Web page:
Universal history lacks revolutionary dynamic

Elizabeth Davis 26 January 2008

Anthropology, ADC Theatre, 23rd-26th January, 23:00

Reviewer Elizabeth Davis

3 Stars

There is nothing pretentious about Anthropology, written and directed by Tom Hensby: it didn’t pretend to be anything other than what it was: ‘four actors and a bed-sheet’. In the absence of a plot, the play was concerned with re-enacting key moments in the development of mankind – from the moment man first made tools, to the invention of the telephone; from the moment sails rendered rowing obsolete, to the point where man inexplicably started doing it for “fun”. In the current Cantabridgian dramatic climate, this show is quite a breath of fresh air. The four cast members (Lowri Amies, Rob Frimston, Edward Rowett and Rachel Thorpe) performed the somewhat quirky script with unassailable energy and created an engaging and interesting production.

That being said, however enthusiastic my support for new projects at the ADC, it has to be said that there is nothing revolutionary about Anthropology and it is an incredibly tiring production to watch. Despite starting with the story of a prehistoric fish struggling to reach land, this production has only one speed: break-neck, a few more pauses for breath, or indeed a few cuts, would have been welcome. I also refuse to believe that quite so many of the world’s most important inventions came from Germany, which is the impression the audience is left with as a result of the number of German accents in attendance.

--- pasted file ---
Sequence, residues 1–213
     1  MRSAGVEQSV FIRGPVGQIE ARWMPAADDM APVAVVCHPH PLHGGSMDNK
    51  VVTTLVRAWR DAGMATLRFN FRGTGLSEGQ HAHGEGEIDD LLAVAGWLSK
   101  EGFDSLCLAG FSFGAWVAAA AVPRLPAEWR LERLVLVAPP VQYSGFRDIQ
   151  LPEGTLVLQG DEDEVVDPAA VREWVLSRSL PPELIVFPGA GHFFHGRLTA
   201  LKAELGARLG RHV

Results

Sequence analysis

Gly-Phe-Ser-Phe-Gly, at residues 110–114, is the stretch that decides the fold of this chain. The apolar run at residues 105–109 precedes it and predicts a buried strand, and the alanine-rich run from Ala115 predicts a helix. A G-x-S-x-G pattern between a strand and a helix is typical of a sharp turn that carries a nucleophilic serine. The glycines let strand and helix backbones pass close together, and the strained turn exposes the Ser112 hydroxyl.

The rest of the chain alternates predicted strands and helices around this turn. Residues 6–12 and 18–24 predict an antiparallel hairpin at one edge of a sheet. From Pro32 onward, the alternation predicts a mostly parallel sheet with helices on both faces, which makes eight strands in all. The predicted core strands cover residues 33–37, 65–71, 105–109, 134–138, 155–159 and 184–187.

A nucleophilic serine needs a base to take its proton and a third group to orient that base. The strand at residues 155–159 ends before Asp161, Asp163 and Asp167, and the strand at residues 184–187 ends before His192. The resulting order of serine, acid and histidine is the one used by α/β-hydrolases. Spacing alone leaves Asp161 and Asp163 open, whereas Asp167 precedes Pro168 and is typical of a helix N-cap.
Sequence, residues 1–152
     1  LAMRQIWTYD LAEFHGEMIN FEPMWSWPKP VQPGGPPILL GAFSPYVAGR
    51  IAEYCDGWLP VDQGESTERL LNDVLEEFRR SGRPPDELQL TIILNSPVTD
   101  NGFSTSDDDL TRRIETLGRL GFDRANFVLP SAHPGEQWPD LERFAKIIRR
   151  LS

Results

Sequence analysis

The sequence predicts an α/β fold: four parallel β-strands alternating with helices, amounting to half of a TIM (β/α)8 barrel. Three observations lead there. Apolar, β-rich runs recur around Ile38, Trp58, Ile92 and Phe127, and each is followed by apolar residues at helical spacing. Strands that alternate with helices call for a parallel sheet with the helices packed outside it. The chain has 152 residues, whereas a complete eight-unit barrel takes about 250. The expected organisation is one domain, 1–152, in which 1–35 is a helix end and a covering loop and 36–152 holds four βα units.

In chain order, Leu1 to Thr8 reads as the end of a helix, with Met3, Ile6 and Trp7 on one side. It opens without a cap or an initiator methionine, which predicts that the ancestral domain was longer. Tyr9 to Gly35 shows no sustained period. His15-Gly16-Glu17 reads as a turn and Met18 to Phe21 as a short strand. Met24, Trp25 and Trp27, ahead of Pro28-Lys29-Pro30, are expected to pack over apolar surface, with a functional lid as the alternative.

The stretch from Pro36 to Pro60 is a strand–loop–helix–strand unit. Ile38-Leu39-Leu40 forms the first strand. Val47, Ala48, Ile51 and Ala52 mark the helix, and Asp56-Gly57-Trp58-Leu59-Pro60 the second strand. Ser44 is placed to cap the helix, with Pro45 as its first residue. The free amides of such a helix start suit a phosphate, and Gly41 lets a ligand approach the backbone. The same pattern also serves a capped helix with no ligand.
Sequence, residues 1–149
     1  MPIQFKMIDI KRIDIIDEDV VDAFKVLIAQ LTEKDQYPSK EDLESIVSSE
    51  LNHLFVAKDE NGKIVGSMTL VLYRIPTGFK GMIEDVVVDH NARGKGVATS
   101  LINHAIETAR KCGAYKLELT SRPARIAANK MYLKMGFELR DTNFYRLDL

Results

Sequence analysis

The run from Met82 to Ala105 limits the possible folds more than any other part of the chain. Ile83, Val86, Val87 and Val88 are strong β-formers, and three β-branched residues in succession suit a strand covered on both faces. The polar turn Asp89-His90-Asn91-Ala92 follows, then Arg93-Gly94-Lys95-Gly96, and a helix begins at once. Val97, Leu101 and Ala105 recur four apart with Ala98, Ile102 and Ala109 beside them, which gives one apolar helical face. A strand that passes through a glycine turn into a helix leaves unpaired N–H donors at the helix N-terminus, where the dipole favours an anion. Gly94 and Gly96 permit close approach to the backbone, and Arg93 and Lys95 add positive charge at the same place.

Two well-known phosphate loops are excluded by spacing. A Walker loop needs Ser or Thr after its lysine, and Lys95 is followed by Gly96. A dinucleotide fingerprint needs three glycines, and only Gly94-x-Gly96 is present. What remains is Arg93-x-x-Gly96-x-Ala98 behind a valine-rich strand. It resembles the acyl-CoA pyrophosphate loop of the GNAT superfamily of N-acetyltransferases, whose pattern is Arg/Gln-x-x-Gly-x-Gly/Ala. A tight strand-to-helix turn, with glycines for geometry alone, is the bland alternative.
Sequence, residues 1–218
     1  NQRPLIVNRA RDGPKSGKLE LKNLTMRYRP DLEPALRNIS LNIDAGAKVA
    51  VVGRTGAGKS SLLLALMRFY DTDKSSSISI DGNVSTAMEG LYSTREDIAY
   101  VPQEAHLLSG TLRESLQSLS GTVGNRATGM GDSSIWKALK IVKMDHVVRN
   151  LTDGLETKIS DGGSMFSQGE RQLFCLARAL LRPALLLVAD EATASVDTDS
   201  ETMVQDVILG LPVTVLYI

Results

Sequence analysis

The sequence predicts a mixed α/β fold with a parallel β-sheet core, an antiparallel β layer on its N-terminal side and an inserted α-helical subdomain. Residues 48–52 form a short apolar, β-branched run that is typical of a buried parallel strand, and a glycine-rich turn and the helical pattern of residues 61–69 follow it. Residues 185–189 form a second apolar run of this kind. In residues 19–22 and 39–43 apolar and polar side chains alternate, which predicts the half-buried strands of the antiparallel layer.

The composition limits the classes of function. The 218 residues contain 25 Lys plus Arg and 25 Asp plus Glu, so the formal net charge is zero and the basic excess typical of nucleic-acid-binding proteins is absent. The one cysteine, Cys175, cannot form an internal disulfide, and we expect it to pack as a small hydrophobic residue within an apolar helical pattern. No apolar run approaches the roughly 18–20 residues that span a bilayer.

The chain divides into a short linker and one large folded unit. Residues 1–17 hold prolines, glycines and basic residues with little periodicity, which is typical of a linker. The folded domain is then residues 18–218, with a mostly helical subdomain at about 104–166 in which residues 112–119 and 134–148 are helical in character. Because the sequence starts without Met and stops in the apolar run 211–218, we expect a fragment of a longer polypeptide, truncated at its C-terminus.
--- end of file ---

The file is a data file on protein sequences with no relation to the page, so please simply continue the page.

There are some genuinely funny moments, though: the invention of gunpowder and the subsequent fall of the ‘wall of social hierarchy’ produced one of the biggest laughs of the evening (‘I’ve been rendered obsolete’) and there were very few ideas which weren’t witty or engrossing, including a sketch introducing the lesser known Wright brothers. The sheer enthusiasm of the four cast members ensures that Anthropology is never dull, even if a little predictable at times; in short, there are worse ways to spend an evening. More projects like this one could pave the way for some truly innovative theatre in Cambridge.